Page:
7 key factors encouraging employee engagement

There is a common misconception that communication and financial compensation (increase, bonus) are enough to influence employee commitment. However, commitment is complex and depends on several factors.

Emotions constitute an important factor in engagement and directly affect an employee’s level of engagement[1].

In addition, this factor is even more important in SMEs, where the feeling of engagement is more strongly linked to the “me factor”, as the employee has a direct impact on the company’s results, and feels important and valued by the company.

In an SME, and increasingly in so-called "liberated" organisations, employees want to be trusted to carry out their tasks with minimal supervision.

Research by Ruyle, Eichinge & De Meuse (2009) has identified 11 main factors that impact employee engagement. Other studies also mention other factors, but here are some keys to ensuring employee engagement in your company.

Strategic alignment

Employees are familiar with and believe in the company's vision and its projected roll out. Employees also trust the decisions taken by senior management.

Personal influence

Employees know that their opinion is valued and welcome. They believe that they can determine the best way of working, that they can innovate and that their input (whether successful or not) will be appreciated.​

Career path

Career opportunities as well as the type of career can also make an employee more engaged. This is why a company should support employee career paths by giving them the chance to progress on the basis of their key missions, which challenge them and are aligned to their competences. Thanks to investment - both in monetary and time terms - in employee training, the employee will appreciate that the company is interested in his/her professional development. Every company should therefore make a variety of training options available, as well as the chance to use a newly acquired skill or to even learn via less conventional training methods such as job shadowing.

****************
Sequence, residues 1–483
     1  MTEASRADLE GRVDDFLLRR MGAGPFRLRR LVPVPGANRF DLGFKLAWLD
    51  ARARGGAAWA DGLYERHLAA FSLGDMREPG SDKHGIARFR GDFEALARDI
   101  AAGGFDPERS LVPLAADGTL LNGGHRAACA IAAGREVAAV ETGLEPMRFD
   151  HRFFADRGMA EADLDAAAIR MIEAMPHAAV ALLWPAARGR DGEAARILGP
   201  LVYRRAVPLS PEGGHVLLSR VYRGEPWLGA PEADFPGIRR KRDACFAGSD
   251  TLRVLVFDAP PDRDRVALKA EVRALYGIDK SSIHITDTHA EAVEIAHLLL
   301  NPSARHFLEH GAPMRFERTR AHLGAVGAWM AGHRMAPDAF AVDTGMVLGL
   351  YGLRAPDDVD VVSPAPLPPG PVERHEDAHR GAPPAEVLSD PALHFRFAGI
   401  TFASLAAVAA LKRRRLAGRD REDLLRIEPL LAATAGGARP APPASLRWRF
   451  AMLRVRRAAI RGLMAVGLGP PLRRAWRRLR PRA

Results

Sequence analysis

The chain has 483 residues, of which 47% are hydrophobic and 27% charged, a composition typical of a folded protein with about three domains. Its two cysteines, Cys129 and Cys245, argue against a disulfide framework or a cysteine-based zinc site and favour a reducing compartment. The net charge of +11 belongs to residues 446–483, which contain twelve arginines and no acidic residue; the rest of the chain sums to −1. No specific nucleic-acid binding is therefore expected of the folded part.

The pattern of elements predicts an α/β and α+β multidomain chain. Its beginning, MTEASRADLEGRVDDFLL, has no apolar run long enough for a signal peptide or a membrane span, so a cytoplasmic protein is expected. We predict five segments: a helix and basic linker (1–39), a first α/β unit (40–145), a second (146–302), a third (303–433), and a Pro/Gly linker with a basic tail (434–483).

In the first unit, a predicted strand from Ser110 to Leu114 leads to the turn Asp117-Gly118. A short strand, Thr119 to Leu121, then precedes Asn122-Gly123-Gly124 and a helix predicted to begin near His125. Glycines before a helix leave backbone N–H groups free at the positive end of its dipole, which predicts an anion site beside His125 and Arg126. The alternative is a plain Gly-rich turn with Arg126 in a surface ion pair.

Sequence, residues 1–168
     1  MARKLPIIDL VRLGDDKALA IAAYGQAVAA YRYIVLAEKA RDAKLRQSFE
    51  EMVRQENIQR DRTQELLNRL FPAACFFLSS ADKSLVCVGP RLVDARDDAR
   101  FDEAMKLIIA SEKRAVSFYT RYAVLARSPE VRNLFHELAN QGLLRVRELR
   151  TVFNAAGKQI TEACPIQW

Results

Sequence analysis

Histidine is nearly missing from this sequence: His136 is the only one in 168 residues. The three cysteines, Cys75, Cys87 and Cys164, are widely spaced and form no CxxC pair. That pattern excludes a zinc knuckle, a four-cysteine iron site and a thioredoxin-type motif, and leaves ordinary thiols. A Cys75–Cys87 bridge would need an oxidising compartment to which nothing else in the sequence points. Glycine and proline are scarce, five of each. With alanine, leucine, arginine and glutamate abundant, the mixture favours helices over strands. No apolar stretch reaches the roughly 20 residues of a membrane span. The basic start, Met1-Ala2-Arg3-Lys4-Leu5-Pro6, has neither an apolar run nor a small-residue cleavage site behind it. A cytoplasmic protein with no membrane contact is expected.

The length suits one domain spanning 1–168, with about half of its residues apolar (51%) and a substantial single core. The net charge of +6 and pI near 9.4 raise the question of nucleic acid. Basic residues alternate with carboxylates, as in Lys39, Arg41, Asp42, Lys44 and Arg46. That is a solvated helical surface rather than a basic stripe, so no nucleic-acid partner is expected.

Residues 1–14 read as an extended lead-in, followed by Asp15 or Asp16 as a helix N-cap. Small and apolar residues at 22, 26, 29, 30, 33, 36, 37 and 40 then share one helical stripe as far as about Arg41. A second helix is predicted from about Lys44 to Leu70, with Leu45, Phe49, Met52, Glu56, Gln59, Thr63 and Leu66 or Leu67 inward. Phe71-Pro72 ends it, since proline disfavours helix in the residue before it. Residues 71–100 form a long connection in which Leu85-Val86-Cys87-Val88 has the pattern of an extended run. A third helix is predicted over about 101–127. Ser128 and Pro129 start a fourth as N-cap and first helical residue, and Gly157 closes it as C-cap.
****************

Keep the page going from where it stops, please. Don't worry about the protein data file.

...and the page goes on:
Flexibility and autonomy

Flexibility can also contribute to employee engagement, for example if they can arrange their working hours more flexibly to cope with family obligations or even to work from home. In the same way of flexibility, autonomy (or even empowerment and responsibilisation) at work and concerning the way they can organise their work can make employees feel more engaged. They feel more responsible and confident, rather than being constantly subjected to checks by their manager or having to ask for approval for the smallest decision. This is why it is important to grant a certain degree of liberty to employees to enable them to take decisions and find solutions on their own.​

Employee equality​

Salary equality goes hand in hand with employee engagement. It is important that employees understand how the salary structure Is defines and what they need to achieve to gains promotion. By paying equitable salaries and acting transparently, employees will understand what is at stake and perform well to merit promotion.

Quality of the relationship with their line manager​​

The quality of the management team has a direct impact on performance and employee retention. It is hardly surprising to know that many employees leave a company of a bad manager.

Employee recognition​​

You have to know how to give sincere feedback and recognise employee achievements and their progress. It is true that employees, who enjoy a positive relationship with management, are more engaged, and as we already said: a satisfied and engaged employee will bring positive energy to the workplace and thus benefit the company.​

When working on employee engagement, however, it is important to bear in mind that not all employees want the same opportunities or rewards. Similarly, they will react differently to the levers used to influence engagement. To meet the expectations of each individual,

You will need to implement a segmented and differentiated approach accompanied by tailored strategies.

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